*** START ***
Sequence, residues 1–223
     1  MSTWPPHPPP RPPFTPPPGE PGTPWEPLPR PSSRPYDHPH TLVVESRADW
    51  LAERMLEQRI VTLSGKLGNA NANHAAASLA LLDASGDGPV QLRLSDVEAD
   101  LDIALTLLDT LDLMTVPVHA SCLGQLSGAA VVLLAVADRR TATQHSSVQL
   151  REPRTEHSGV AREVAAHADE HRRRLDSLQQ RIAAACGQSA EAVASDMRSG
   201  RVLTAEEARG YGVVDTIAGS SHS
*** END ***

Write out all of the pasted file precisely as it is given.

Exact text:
Sequence, residues 1–223
     1  MSTWPPHPPP RPPFTPPPGE PGTPWEPLPR PSSRPYDHPH TLVVESRADW
    51  LAERMLEQRI VTLSGKLGNA NANHAAASLA LLDASGDGPV QLRLSDVEAD
   101  LDIALTLLDT LDLMTVPVHA SCLGQLSGAA VVLLAVADRR TATQHSSVQL
   151  REPRTEHSGV AREVAAHADE HRRRLDSLQQ RIAAACGQSA EAVASDMRSG
   201  RVLTAEEARG YGVVDTIAGS SHS